Hedda Gabler would never be caught dead wearing a hair scrunchie. Even if Henrik Ibsen had written his seminal drama in 1989 instead of 1889, his fastidious, fashion-conscious protagonist would not hastily twist her hair back with a tacky, fabric-covered elastic.
Yet a scrunchie is just what Hedda wears in Scena Theatre’s production of Ibsen’s parlor tragedy, now set in 1938—-and in Olso, Norway, instead of Christiana. And just as the poor choice of hair accessory suggests, something feels off-base about every actor’s portrayal of these neurotic small-town Scandinavians.
Theatergoers who know the play will quickly realize, almost with a sense of guilt, that this production’s main problem is its casting. Ibsen specifies that Hedda is 29. By 19th century standards, she is no spring chicken. But there are still many references in the script to her youth and beauty. She marries George Tesman, a struggling academic, because her military general father has died and she needs a man to support her and her somewhat lavish tastes in horses and home furnishings.
Also, because she’s kind of a crazy bitch who has already pissed off pretty much every other guy in town.
The play opens with Hedda (Kerry Waters) and George (Lee Ordeman) returning from their six-month honeymoon/Ph.D. research trip. The central plot point (played up in this adaptation by Irish playwright Brian Friel) is, Is Hedda Pregnant, Or Isn’t She?
It’s a delicate matter. And so is this: Waters is way too old to play Hedda. Likewise Eric Lucas, as the brilliant but unstable Eilert Lovborg, isn’t sufficiently sexy to be the object of Hedda’s lust, and Jim Jorgensen, as the womanizing Judge Brack, isn’t virile enough to believably lust after Hedda.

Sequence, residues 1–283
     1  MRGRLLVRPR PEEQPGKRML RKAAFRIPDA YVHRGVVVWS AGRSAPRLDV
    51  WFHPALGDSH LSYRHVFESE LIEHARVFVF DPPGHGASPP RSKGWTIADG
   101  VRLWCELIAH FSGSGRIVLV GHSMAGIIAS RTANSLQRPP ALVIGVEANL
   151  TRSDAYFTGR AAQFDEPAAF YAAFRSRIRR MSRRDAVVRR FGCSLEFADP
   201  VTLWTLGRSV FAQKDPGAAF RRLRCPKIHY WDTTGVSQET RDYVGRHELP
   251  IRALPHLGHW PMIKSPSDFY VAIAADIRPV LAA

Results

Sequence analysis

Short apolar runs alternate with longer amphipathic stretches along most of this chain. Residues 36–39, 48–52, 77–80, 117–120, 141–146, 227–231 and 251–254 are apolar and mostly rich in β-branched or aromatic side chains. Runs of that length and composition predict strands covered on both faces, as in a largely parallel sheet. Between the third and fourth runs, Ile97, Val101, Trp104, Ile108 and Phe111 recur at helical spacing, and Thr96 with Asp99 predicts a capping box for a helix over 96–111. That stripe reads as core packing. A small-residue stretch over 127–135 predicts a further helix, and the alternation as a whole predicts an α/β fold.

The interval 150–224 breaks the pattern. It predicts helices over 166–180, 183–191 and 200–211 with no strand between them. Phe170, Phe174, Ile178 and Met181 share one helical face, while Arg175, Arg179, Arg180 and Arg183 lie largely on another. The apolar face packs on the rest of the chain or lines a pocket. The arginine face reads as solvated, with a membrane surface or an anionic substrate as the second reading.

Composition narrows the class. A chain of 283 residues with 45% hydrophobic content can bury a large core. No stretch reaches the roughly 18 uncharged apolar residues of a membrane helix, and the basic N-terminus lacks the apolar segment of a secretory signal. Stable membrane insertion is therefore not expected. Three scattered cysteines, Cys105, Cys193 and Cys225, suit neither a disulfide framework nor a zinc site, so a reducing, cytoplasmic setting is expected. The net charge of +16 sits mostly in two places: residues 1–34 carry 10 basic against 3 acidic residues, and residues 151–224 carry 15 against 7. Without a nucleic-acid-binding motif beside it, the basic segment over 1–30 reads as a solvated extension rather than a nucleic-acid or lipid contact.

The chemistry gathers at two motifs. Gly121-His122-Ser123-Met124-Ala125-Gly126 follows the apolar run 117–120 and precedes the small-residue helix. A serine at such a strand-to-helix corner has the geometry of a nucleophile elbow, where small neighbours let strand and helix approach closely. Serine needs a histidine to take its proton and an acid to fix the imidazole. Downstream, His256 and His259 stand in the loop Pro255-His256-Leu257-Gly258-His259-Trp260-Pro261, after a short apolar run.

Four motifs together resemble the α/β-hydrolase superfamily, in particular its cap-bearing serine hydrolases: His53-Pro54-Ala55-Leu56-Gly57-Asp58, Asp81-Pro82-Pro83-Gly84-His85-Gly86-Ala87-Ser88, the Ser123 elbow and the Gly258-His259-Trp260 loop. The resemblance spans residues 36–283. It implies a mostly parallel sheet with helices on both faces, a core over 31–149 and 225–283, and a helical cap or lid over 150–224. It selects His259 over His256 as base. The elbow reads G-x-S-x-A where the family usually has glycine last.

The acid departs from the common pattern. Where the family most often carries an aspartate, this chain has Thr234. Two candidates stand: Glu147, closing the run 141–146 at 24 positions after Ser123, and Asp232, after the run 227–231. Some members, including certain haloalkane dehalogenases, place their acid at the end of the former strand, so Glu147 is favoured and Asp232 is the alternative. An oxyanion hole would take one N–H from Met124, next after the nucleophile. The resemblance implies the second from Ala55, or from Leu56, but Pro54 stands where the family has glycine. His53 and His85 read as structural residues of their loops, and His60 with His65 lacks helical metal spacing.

Bare in mind also, that Ibsen populated this play with flawed characters who can easily annoy audiences if the actors are not carefully directed. And these actors are not. It’s as if the cast members each chose their own aesthetic: Waters plays Hedda with the self-conscious air and husky voice of 1930s film star. Ordeman, who has a strong movement background, animates himself like a slapstick comedian. Mary Suib, as the maid Bertha, seems straight of a ’60s sitcom. Only Rena Cherry Brown, as George’s doting Aunt Juliana, is convincingly living in this realist drama.
Maybe it’s possible for patrons unfamiliar with Hedda Gabler to walk in the H Street Playhouse and be captivated enough by the show’s interlocking love triangles to come out thinking their $35 was well spent. But if you know and love Ibsen, this is a production to skip.
The play runs to Thursday to Sunday to Jan. 29 at H Street Playhouse. $35. Photo by Mason Summers courtesy Scena Theatre.